How Ira Glass Royally Screwed Mike Daisey

Story in a Nutshell

Ira Glass (Journalist) brought Mike Daisey (Theater Performer) on his national radio show to perform an adaptation of Theater Performer’s original monologue. Theater Performer tells stories that make Apple (Mega Company) look bad. Journalist gets mad at Theater Performer for taking true elements from various stories and weaving them into his storytelling—as he’s been doing professionally for the past several years (and is the reason Theater Performer was invited onto the radio show in the first place). Journalist then calls Theater Performer a liar and retracts the episode (possibly saving radio show from Mega law suit).

When it comes to telling a story that inspires people to take responsibility, Ira Glass could learn a lesson or two from Mike Daisey.

I saw Mike Daisey’s The Agony and Ecstasy of Steve Jobs (about Apple’s factory working conditions in China) at the 2010 Time Based Art Festival here in Portland, Oregon. As a result of his emotionally powerful storytelling, I have yet to buy an iPhone.

Recently Mike Daisey performed some of his monologue on the This American Life radio show. Then, ‘This American Life’ retracted the Mike Daisey episode because they found out after the fact that Daisey’s storytelling was not up to their “journalistic standards.”

This American Life then had Daisey back on the show to berate him and discredit him for their mistake! It’s not Daisey’s responsibility to tell Glass that his story shouldn’t be on This American Life. It’s Ira Glass’s responsibility as a journalist to properly fact check before he brings a theater professional on his show and calls it journalism. This American Life failed to do their due diligence and they’re covering their own asses by portraying Mike Daisey as a liar.

Who now gets to bring Ira Glass on the air for an hour to publicly ask him, “What were you thinking? Do you just put people on the air without fact checking first? How many other half-truths have you broadcast? Are you worried that Apple might sue you?”

It’s not wrong for a theater performer to take facts or fiction and weave them into a monologue. Mike Daisey’s live show is powerful. He gets the audience to realize and to care that it’s our money driving the slave labor in China. Meanwhile, after hearing confirmation about factory explosions and employees being forced to work two 12-hour shifts in a row, Ira Glass asked, “Should I feel bad?”


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Comments

John March 17, 2012

Daisey DID lie. They asked him which factory workers he talked to about the chemical. Rather than say “I incorporated that from news I read” he said “Oh, that wasn’t at Foxconn, it was at ______”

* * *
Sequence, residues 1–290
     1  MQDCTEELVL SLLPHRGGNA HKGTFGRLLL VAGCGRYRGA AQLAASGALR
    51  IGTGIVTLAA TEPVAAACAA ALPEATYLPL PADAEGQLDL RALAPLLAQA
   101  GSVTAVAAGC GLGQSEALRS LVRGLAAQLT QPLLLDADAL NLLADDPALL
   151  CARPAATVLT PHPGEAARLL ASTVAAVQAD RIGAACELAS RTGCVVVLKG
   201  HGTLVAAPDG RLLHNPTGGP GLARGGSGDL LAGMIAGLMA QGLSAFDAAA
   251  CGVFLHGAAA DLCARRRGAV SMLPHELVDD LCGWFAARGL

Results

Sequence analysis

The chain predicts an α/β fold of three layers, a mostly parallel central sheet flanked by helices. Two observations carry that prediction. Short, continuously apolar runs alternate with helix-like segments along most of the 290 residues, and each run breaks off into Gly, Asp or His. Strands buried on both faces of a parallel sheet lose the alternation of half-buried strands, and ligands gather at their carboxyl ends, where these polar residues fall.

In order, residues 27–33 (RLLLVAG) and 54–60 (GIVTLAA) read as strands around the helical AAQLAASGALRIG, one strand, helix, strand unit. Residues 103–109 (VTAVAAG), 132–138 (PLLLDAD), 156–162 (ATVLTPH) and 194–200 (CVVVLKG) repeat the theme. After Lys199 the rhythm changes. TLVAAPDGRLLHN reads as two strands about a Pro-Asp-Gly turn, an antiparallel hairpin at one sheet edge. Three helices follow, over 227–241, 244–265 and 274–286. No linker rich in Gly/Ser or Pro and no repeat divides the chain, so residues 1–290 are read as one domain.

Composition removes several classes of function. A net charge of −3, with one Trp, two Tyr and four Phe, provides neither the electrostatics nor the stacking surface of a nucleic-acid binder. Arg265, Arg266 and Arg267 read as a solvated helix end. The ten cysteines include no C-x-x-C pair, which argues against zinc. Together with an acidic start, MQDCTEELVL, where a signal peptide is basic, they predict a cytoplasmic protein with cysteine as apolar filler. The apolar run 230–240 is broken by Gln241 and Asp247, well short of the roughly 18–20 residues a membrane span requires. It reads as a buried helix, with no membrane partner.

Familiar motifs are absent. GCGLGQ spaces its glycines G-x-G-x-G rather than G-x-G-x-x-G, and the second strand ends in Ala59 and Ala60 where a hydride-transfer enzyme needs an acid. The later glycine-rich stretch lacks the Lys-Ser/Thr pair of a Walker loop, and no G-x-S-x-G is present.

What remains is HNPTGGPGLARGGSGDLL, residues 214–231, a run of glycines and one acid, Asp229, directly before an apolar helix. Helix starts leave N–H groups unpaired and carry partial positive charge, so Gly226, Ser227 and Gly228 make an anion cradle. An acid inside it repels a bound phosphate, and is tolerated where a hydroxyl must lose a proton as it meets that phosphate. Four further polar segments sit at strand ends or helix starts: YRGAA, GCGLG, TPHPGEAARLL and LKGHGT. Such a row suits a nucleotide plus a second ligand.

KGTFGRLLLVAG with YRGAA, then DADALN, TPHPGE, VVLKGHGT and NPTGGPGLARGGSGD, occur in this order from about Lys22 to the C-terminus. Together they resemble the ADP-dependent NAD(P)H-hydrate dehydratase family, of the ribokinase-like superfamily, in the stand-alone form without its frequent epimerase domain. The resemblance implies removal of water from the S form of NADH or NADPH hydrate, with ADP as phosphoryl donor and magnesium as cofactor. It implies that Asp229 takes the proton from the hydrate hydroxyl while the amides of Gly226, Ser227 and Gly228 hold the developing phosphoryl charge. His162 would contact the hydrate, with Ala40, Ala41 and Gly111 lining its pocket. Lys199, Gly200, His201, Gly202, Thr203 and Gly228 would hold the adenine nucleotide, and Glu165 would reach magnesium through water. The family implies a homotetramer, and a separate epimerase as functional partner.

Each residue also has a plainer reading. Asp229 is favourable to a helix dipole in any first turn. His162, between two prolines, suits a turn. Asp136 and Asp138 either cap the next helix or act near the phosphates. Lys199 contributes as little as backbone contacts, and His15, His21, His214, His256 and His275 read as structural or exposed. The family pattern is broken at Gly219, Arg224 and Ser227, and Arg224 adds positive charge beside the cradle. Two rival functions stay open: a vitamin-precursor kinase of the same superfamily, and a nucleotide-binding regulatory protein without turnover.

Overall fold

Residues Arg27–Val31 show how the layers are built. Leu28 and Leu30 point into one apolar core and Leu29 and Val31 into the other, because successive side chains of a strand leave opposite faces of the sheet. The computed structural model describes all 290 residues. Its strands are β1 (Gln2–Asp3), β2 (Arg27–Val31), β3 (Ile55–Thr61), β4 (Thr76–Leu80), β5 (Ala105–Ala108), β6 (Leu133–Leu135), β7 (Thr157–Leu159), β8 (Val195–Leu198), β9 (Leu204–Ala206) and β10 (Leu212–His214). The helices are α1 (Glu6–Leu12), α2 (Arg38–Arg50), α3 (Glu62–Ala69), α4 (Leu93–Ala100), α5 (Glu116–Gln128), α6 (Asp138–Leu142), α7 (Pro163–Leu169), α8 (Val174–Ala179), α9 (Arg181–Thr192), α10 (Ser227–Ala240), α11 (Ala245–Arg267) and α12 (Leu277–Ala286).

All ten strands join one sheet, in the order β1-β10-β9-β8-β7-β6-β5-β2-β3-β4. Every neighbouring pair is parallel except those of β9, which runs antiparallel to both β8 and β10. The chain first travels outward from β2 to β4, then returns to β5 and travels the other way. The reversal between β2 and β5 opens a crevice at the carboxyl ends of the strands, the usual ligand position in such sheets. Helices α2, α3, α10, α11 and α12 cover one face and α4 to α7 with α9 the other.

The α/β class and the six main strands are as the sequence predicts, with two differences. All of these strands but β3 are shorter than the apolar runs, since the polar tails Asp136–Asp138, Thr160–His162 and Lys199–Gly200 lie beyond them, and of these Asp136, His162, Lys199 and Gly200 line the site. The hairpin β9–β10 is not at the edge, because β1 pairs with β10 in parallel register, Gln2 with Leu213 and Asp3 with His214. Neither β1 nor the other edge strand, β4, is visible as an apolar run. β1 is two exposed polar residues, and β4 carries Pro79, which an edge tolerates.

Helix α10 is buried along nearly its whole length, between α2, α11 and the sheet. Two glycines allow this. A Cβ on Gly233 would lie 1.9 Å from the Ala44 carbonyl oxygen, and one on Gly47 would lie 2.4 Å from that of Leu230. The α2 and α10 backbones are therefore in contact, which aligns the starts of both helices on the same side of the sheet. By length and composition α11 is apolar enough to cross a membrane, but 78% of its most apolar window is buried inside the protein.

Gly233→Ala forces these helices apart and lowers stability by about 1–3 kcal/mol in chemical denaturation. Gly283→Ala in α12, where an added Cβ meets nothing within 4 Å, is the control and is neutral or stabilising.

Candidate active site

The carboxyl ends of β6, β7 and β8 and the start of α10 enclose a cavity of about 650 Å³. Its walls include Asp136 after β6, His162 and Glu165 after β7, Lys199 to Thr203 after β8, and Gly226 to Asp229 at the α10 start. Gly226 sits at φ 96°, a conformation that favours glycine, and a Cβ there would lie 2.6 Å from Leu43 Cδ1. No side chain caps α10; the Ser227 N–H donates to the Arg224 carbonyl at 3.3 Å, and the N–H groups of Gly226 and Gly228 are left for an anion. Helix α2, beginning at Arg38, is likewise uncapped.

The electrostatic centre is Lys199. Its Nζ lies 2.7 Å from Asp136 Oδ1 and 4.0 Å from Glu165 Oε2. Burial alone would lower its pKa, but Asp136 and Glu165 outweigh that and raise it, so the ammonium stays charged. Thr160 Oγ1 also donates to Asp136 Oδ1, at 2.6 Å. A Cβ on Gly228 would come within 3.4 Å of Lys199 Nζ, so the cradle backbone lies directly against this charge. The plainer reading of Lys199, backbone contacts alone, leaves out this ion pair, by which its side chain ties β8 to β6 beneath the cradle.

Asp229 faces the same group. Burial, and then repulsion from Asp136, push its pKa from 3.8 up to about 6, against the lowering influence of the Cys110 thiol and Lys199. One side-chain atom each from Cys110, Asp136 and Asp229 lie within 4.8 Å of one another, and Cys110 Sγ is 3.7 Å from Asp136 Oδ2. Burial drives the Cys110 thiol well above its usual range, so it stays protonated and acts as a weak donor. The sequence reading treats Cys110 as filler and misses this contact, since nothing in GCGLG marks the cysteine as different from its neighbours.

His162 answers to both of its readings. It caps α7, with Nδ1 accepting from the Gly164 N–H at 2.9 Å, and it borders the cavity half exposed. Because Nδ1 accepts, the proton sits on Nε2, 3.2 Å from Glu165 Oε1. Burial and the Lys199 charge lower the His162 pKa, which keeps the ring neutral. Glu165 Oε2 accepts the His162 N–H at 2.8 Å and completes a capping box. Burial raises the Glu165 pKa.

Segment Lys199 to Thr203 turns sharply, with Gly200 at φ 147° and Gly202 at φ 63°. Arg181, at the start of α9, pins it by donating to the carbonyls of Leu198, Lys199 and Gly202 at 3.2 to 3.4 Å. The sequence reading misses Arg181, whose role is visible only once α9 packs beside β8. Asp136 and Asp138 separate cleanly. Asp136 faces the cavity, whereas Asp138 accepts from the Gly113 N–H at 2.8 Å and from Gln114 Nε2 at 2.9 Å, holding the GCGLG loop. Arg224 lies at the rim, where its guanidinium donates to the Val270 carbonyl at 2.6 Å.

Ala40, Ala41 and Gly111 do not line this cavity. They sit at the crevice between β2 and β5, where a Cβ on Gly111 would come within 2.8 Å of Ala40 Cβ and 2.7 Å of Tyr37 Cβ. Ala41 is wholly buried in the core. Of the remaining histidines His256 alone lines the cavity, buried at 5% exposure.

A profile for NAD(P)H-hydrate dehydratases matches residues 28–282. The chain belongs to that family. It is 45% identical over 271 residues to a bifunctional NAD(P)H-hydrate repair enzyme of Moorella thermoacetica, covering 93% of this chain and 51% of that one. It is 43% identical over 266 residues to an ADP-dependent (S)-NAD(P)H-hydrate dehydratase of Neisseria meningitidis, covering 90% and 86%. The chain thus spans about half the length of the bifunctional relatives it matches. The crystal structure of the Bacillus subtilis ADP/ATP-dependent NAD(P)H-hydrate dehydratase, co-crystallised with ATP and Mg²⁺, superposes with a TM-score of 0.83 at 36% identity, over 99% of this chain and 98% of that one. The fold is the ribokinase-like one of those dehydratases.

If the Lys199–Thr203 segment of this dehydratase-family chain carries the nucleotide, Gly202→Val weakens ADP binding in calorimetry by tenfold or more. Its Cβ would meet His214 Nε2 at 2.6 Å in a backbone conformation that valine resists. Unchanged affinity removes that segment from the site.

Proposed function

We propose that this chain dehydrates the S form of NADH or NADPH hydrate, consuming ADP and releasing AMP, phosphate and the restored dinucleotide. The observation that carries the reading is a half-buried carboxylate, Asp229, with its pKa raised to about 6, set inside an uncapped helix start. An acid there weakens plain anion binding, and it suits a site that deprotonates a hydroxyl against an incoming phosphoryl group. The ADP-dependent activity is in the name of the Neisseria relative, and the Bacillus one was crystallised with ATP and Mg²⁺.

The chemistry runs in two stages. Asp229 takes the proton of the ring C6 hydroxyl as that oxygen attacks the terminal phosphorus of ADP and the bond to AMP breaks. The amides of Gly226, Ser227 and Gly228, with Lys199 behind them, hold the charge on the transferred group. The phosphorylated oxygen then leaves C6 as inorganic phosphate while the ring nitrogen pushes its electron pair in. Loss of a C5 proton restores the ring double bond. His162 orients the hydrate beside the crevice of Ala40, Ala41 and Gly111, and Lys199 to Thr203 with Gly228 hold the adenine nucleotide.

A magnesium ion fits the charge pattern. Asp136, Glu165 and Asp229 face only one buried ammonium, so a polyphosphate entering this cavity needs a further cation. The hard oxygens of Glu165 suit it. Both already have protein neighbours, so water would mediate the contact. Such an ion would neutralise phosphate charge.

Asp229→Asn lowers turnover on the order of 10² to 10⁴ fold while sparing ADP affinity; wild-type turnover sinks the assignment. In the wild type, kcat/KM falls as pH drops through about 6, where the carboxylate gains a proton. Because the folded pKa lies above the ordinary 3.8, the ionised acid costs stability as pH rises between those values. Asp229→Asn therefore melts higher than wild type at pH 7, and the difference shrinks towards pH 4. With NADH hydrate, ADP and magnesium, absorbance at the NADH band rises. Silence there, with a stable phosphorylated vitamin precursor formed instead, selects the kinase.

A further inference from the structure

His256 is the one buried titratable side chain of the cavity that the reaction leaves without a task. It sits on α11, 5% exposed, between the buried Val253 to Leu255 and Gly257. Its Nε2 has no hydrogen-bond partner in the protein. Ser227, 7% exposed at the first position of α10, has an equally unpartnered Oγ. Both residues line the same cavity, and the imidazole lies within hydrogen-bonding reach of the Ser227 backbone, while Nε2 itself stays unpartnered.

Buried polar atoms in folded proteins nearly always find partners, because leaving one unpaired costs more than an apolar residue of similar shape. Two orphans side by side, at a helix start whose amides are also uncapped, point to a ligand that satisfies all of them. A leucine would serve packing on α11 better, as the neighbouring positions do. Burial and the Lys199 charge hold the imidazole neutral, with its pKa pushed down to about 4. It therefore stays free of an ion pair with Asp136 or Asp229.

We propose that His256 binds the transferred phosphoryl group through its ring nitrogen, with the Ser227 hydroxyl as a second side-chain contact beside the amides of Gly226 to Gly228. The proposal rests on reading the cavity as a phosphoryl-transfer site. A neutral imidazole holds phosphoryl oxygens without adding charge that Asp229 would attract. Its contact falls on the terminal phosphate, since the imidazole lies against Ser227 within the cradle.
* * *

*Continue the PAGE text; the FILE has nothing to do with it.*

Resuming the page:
That is lying. He prevented them from talking to his interpreter, he told them her name was Ann instead of Kathy to try and throw them off the trail. Luckily he actually called her Kathy in the show, and so when they tried to find her under that name, they were able.

This isn’t a case of lying by omission, or, “Oh, you never asked.” They asked him things point blank which he ipso facto lied about.

Who gets to talk to Ira Glass on the radio? He did it himself, admitting that they screwed up. What more do you want? It isn’t as if someone else came forward with the truth, they did it themselves when they found out.

This post is rubbish. I’m sure you will delete this comment, but I only care that you read it because everyone else will come to the same conclusion themselves.

Vanadia March 17, 2012

This post is not rubbish. Neither is your comment, John.

Daisey didn’t lie by omission but Glass did by putting Daisey’s performance on his trusted news entertainment show without first verifying if the “facts” in Daisey’s piece were accurate—beyond asking the actor, “Is this theatrical work of art really true?”

TAL should know better. Apple is a huge corporation and Glass was putting his show, his reputation, and the radio station on the line by broadcasting Daisey’s story. He admitted his mistake but then he went on to interrogate and reproach Daisey on the air. That was way too much. Daisey could have done that for himself, like Glass did.

jr March 18, 2012

Buck up IRA.
You trusted this asshole.
He f’d you.
We love you man.
Stiff upper lip!
Better things to come.
And this too shall come to pass.

Tim March 22, 2012

I’m hoping that Marketplace could fact check some of David Sedaris’ stories on TAL. Did Sedaris really say those things to those people that one time?

Tim March 23, 2012

Turns out, Sedaris has been fact-checked before. Guess what? Those Santaland Diairies… he may have been embellishing the truth!
http://www.tnr.com/article/amer ican-lie-midget-guitar-teacher-macys -elf-and-thetruth-about-david-sedari s

jr March 24, 2012

Think the Ipad is the only thing you use that’s made in china?  You think the phone you use or the screen you watch or the car you drive is made in china?  You think any other product you use is manufactured differently?  How about your sneakers?  An now this whole thing has you wondering about the santa land diaires?  It doesn’t take an actor to know china’s workers don’t have the rights that we have.  Its in the newspaper.


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